To learn more, visit http://www.KarinaBartow.com
Vidas Barzdukas is an award-winning writer and director whose films have been screened at numerous U.S. film festivals, featured on PBS stations, and broadcast on television networks in Asia. In 2015, Vidas earned accolades from the Columbus Dispatch for his “stirring and amusing” stage adaptation of Rafael Sabatini’s 1922 swashbuckling novel Captain Blood. His film, the black-and-white fantasy “The New Mr. Phillips,” won Best Narrative Short at the Oregon Film Awards, and he also won the Best Screenwriting award for his short film “Cold” at the Cincinnati Winterfilm Film Competition. Vidas was nominated for “Best Writer—Drama” by the International Academy of Web Television (IAWTV) for his work on the science fiction series Aidan 5, which was nominated for 19 IAWTV awards. Vidas is a writer on the Emmywinning Nite Owl Theatre starring Fritz the Nite Owl, which is a long-running, late-night staple of Central Ohio’s film scene. In addition to theatre and film, Vidas works in educational publishing, where he writes a wide variety of textbooks and classroom materials for K-12 students. His educational publishing subjects include reading, language arts, and history. Vidas’s passion for education also earned him a spot on the Emmy-winning children’s show Taylor’s Attic as its Educational Writing Consultant. A proud member of the Dramatists Guild, Vidas lives in Ohio with his wife and two daughters.
Will Bashor has an M.A. degree in French literature from Ohio University and a Ph.D. in International Studies from the American Graduate School in Paris where he gathered letters, newspapers, journals, and plays during his research for his first book, Marie Antoinette’s Head: The Royal Hairdresser, the Queen, and the Revolution. Professor at Franklin University and a member of the Society for French Historical Studies, his newest work, Marie Antoinette’s Darkest Days: Prisoner No. 280 in the Conciergerie, recounts the fallen queen’s final days in a fetid, dark dungeon cell. Visit him at http://willbashor.com/.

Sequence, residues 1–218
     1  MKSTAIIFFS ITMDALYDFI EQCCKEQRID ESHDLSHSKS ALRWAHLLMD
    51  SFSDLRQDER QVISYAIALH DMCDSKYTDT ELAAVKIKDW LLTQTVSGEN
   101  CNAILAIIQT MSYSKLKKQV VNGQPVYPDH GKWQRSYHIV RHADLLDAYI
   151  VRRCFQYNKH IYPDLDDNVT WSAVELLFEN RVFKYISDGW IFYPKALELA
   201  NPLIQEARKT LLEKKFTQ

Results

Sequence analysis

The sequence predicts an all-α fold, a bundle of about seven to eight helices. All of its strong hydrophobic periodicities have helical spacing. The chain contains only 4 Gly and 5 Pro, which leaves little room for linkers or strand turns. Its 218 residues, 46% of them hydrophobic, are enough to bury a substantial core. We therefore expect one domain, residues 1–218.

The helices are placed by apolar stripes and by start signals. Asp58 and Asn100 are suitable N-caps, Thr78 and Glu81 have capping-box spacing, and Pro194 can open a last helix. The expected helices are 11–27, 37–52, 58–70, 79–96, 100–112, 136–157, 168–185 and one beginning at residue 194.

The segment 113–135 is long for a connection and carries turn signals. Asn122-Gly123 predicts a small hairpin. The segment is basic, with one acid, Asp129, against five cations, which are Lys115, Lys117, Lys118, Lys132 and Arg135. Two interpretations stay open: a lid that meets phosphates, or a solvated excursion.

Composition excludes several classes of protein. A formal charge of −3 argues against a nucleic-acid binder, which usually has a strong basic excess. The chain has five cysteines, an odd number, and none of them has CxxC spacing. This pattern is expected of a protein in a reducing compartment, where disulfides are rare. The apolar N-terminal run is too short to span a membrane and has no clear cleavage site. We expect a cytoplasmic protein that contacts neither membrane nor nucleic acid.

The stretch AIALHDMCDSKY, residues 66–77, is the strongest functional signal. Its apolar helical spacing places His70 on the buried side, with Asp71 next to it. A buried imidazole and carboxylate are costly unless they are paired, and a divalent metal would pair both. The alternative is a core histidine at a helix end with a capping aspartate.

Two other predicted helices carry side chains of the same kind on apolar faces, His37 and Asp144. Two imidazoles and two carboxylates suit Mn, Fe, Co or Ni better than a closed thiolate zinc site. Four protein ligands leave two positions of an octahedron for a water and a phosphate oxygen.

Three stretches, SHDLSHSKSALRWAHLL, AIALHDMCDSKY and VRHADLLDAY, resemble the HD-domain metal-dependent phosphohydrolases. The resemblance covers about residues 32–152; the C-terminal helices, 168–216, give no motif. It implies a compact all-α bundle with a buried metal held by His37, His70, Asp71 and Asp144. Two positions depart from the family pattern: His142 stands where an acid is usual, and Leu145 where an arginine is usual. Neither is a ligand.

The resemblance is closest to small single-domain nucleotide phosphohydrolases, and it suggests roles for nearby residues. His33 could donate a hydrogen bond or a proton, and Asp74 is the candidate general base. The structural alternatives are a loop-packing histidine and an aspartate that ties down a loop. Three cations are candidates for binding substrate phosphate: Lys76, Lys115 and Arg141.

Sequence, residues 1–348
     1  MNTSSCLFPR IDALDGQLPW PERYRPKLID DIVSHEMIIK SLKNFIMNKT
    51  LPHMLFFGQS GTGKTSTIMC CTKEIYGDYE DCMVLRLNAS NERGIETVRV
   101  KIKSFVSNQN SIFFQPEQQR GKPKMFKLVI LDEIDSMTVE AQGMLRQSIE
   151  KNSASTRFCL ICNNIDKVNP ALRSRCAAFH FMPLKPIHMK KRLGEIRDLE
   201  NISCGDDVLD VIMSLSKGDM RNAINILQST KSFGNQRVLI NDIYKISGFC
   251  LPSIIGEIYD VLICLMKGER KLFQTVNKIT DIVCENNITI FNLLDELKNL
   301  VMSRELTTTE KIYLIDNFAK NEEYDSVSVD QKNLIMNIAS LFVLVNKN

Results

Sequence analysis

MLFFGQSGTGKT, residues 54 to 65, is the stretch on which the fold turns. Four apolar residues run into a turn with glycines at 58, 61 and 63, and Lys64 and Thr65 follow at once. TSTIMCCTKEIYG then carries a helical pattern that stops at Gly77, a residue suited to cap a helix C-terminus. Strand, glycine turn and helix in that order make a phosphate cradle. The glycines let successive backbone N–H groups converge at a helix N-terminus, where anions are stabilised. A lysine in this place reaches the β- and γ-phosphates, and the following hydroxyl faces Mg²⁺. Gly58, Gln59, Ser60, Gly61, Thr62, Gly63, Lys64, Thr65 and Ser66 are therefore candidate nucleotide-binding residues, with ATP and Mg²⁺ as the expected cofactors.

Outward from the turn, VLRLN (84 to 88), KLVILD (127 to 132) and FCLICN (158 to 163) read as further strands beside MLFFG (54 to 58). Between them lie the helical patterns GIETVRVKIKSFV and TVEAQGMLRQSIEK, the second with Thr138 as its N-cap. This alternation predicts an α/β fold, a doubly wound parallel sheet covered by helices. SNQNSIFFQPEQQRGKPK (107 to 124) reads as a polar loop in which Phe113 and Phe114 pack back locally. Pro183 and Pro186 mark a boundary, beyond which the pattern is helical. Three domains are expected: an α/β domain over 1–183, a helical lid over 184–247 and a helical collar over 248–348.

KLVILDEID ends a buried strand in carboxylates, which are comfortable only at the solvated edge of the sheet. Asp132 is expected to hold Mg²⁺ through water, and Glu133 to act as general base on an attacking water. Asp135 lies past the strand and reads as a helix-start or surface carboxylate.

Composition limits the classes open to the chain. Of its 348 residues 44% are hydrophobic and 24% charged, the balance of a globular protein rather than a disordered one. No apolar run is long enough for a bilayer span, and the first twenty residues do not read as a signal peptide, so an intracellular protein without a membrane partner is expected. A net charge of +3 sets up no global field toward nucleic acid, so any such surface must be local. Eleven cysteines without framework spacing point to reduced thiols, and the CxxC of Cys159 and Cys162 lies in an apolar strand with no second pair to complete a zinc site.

Batchelor (www.bobbatchelor.com), who teaches in the Media, Journalism & Film Department at Miami University in Oxford, Ohio, is the author or editor of more than 25 books, including Mad Men: A Cultural History, John Updike: A Critical Biography, and Gatsby: The Cultural History of the Great American Novel, among others. He is a noted popular culture commentator.
A native of Akron, Ohio, Tom Batiuk (rhymes with “attic”) spent several years as a high school teacher before creating Funky Winkerbean, the celebrated comic strip distributed by King Features Syndicate to more than 400 newspapers nationwide. Batiuk has been recognized for his bold yet sensitive approach to real-life issues. Batiuk’s comic strip began in 1972 as a laugh-a-day look at high school life and has matured into a series of real-life stories, highlighting such sensitive social issues as alcoholism, cancer, teen-dating abuse, teen suicide, guns in the school and teen pregnancy. These groundbreaking series have placed Tom Batiuk at the forefront of a new genre in comic art history. Among the numerous honors recognizing his work, Batiuk is a past winner of both the Ohioana Citation and the 1996 Governor’s Award for the Arts.
Paul J. Bauer
Paul J. Bauer is a used and rare book dealer in Kent, Ohio. He is the coauthor of Frazier Robinson’s autobiography, Catching Dreams: My Life in the Negro Baseball Leagues.